Data Inside PLC
Think of PLC memory as
a cabinet with drawers called Registers. Data is held in these
Registers.These Registers come in different sizes, and hold different kinds of
data.
Bits:Can have values 1 or 0. 1 typically
represents On while 0 represents Off. Bits are the building block for all
other types of data.
Integers:Whole numbers (no decimal points).
Called: Characters (char), Integers (int), long Integers (long int) or
Words. Look for the bit size and whether they are signed or unsigned.
Unsigned are positive numbers, while signed are positive or negative.
Floating point numbers: Numbers with decimal points, and can be
positive or negative. They are called floating point numbers (Float), with
their larger variety called double floats.
Type

# bits

Signed/Unsigned

Min Value

Max Value

Bit

1

0

1


Int

8

Signed

128

127

Unsigned

0

255


16

Signed

32,768

32,767


Unsigned

0

65,535


32

Signed

2,147,483,648

2,147,483,647


Unsigned

0

4,294,967,295


Floating Point

32

1.175 E–38

3.403 E+38


64

2.225 E–308

1.798 E+308

Addresses/Tags: The Registers are all stacked side by
side in the PLC’s memory. Each location has an Address that lets the PLC
know what data you’re talking about. Older PLC software requires the user
to refer to data by this Address (example “x1023” could mean the 1023’d
register). Some newer software makes the Addresses transparent. The user
gives a piece of data a name (example “Oven2Temperature”), and the PLC keeps
track of where the register is located. If the software uses Addresses to refer
to data it’s called “Address Based”, if it uses named data it’s called “Tag
Based”. Some programming packages are Address Based, but allow Addresses
to have “Nicknames” or something similar. Their benefits over standard Address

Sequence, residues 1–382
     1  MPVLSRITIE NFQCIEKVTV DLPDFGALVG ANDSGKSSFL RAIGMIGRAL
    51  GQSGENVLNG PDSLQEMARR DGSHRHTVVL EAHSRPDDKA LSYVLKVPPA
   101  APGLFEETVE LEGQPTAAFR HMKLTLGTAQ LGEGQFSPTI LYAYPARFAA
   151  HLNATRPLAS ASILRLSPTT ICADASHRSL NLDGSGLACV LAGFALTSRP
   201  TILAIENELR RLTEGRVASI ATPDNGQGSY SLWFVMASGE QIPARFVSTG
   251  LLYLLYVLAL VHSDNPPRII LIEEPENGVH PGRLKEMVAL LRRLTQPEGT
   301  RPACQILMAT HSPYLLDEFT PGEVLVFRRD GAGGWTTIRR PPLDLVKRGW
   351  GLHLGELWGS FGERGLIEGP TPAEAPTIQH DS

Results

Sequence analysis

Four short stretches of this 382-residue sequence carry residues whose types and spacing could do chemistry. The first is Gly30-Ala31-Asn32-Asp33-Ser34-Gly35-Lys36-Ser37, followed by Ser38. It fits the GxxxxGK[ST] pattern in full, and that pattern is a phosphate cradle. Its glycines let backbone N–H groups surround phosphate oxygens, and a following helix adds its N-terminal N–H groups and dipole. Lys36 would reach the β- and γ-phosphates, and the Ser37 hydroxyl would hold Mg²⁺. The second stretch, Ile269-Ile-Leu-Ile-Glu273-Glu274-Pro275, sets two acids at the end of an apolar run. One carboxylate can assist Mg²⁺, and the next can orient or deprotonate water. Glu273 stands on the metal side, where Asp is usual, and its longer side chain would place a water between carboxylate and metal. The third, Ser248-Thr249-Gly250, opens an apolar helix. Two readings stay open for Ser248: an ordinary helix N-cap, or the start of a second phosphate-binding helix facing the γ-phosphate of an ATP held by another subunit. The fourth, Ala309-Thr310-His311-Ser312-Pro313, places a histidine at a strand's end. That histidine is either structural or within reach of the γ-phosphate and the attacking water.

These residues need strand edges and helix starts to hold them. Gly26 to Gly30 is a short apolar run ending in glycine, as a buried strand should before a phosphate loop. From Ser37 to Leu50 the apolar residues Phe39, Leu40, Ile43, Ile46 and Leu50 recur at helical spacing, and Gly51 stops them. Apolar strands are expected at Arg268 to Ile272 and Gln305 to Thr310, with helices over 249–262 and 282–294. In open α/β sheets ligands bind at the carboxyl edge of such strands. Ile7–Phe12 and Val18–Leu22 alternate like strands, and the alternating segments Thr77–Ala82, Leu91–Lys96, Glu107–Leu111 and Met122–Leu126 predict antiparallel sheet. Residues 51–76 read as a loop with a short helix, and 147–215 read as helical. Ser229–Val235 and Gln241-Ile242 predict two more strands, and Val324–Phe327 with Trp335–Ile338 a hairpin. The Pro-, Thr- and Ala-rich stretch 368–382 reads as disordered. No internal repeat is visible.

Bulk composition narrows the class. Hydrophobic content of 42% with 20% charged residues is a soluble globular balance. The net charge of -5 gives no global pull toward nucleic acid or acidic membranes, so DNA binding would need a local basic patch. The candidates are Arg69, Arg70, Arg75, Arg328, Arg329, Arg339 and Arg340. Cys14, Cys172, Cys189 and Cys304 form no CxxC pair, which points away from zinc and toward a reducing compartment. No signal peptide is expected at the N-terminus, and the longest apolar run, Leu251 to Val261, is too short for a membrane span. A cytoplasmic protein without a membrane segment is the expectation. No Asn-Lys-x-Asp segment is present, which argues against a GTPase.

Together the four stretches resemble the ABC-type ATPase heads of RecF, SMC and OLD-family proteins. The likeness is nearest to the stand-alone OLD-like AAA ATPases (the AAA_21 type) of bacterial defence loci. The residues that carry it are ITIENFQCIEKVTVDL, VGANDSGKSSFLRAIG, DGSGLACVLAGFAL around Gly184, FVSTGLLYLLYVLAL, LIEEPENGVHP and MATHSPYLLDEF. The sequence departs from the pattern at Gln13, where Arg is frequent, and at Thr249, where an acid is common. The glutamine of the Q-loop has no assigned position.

Based systems tend to be limited. Advantages to Tag based systems become
evident as programs grow, and remembering what’s stored in x1023 becomes
difficult. If your program is going to have any complexity at all using
a Tag Based System simplifies the design.
Diving Deeper
Inside the Data Types: As stated earlier, all Data Types are made
of Bits (1′s and 0′s). An 8 bit number is written like bbbbbbbb (where “b” can
represent a 0 or 1), so you may have 00000000, 11111111 or 01011110…. any
combo will do. What these Bits mean is determined by the Data Type.
Unsigned Integers: The least valuable bit is the rightmost bit
and double in value each position you move left. The rightmost bit
is 1 it’s worth 1 next bit to the left 2 4 8 16 32
64 128 256 …… (this goes on for as many bits as the Data Type calls
for). Here’s what its looks like for an Unsigned 8bit Integer:
If all 8 bits are 0
(00000000) then we get 0 + 0 + 0 + 0 + 0 + 0 + 0 + 0 = 0
If all 8 bits are 1
(11111111) then we get 128 + 64 + 32 + 16 + 8 + 4 + 2 + 1 = 255
So the range of an 8
bit unsigned Integer is 0 – 255
An example of something in between
(00110101) 0 + 0 + 32 + 16 + 0 + 4
+ 0 + 1 = 53
Signed Integers: They’re a tad more complicated check
out wikipedia’s
article on 2’s compliment for a good understanding.
Hexadecimal Format (Hex): Instead of writing every bit out, it
is common to group sets of 4 bits together. Each group can have a value of 0 –